Bodaken v. LoganAnnotate this Case
117 N.W.2d 470 (1962)
Diane BODAKEN, a Minor, by George Bodaken, Her Father and Next Friend, Appellee, v. Garth E. LOGAN and Carla M. Steffen Logan, Appellants.
Supreme Court of Iowa.
October 16, 1962.
*471 Mack, Mack & Hansen, Storm Lake, for appellants.
Pendleton & Pendleton, Storm Lake, for appellee.
There is but one question for us to determinewhether the evidence created a jury question on plaintiff's contention she was a passenger and not a guest when injured while riding in the car owned by defendant Garth E. Logan, driven with his consent by defendant Carla M. Steffen Logan.
The trial court overruled defendants' motions for directed verdict made at the close of plaintiff's evidence and renewed at the close of all the evidence. The case was submitted to the jury on the necessary elements of a negligence case, including carefully prepared instructions on the passenger or guest issue. After overruling defendants' motion for judgment notwithstanding the verdict, judgment was entered against defendants on the $4000 jury verdict in favor of plaintiff. Defendants have appealed.
Defendants contend section 321.494, Iowa Code, I.C.A. is applicable and bars any recovery by plaintiff. It provides:
"Guest statute. The owner or operator of a motor vehicle shall not be liable for any damages to any passenger or person riding in said motor vehicle as a guest or by invitation and not for hire unless damage is caused as a result of the driver of said motor vehicle being under the influence of intoxicating liquor or because of the reckless operation by him of such motor vehicle."
In considering the propriety of a directed verdict for defendants the court gives plaintiff's evidence the most favorable construction it will reasonably bear. Rule *472 344(f) 2, Rules of Civil Procedure, 58 I.C.A., adopted September 17, 1962.
Applying this rule, the evidence is that about one week prior to June 6, 1960, Carla Steffen Logan (unmarried at the time) and plaintiff were with a group of girls. Carla stated to plaintiff she could get her boy friend's car and wanted to go to Sioux City to pick out some uniforms. Plaintiff did not recall her answer, if any. On June 6 Carla came to plaintiff's place of employment, in Storm Lake, and said she had her boy friend's car and would like plaintiff to go with her to Sioux City to help her pick out uniforms. Plaintiff did not give Carla a definite answer but said she would discuss it with her employer. Plaintiff called Carla later, got off work early, went home for a quick change and the two girls started for Sioux City. The accident occurred before they reached there. Plaintiff had not asked to be taken to Sioux City and had no intentions of looking for anything. She had no money. Plaintiff was not going on a pleasure trip. Carla planned to attend Northwest Medical School of Technology and understood it would require special uniforms. Plaintiff had no special training as to types of uniforms but did know the type worn in medical technology school.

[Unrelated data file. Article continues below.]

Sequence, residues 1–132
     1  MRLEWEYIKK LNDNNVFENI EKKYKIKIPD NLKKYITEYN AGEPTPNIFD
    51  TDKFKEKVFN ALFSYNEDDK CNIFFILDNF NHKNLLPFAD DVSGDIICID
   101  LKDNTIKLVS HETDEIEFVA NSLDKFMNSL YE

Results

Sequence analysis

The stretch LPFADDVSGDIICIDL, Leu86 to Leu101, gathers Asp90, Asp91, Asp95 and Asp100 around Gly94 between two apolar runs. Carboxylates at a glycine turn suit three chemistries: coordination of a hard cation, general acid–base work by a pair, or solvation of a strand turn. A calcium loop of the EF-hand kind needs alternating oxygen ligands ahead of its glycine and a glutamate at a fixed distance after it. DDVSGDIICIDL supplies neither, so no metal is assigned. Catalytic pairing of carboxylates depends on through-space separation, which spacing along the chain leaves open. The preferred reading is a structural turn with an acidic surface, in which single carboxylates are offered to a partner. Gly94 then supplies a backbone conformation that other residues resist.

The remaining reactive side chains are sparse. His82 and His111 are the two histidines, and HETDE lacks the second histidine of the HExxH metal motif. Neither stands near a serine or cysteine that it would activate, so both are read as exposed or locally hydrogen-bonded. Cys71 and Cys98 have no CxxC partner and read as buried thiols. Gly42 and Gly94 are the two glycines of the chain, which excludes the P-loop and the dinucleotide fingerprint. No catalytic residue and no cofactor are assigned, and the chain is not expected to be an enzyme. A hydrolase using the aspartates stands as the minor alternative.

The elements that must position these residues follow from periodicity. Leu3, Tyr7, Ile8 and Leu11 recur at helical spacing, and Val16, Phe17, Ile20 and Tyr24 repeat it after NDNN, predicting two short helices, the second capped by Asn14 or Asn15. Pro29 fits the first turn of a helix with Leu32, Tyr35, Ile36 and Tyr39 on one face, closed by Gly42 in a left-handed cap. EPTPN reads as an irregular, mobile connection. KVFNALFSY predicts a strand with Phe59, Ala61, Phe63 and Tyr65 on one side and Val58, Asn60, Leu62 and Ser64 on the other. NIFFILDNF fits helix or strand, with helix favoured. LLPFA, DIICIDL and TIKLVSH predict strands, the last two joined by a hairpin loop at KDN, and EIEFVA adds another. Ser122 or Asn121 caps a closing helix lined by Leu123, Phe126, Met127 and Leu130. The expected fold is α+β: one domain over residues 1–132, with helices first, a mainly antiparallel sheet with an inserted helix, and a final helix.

Carla and plaintiff attended the same high school, were friends, but did not run around together. After high school Carla went away to school. Plaintiff remained in Storm Lake. In May or earlier Carla returned. Prior to June 6 the girls were together two or three times but on no shopping trips. One evening they went to Spencerjust riding around.
The general principles usually applied in defining a guest under the various guest statutes are thus stated in 4 Blashfield, Cyclopedia of Automobile Law and Practice, Perm.Ed., section 2292, to-wit:
"In determining who are `guests' within the meaning of automobile guest statutes, the enactments should not be extended beyond the correction of the evils which induced their enactment.
"They were designed to relieve the harshness of the common-law rule which requires the exercise of ordinary care even to a recipient of the driver's kindness and hospitality. In construing such statutes their terms are not always to be taken in their literal sense, and the court will consider not only the ordinarily accepted meaning of the words used, but also such interpretation as may have been applied to them under common law or similar statutes. * * *
"One important element in determining whether a person is a guest within the meaning and limitations of such statutes is the identity of the person or persons advantaged by the carriage. If, in its direct operation, it confers a benefit only on the person to whom the ride is given, and no benefits, other than such as are incidental to hospitality, companionship, or the like, upon the person extending the invitation, the passenger is a guest within the statutes; but, if his carriage tends to the promotion of mutual interests of both himself and the driver and operates for their common benefit or if it is primarily for the attainment of some objective or purpose of the operator, he is not a guest within the meaning of such enactments."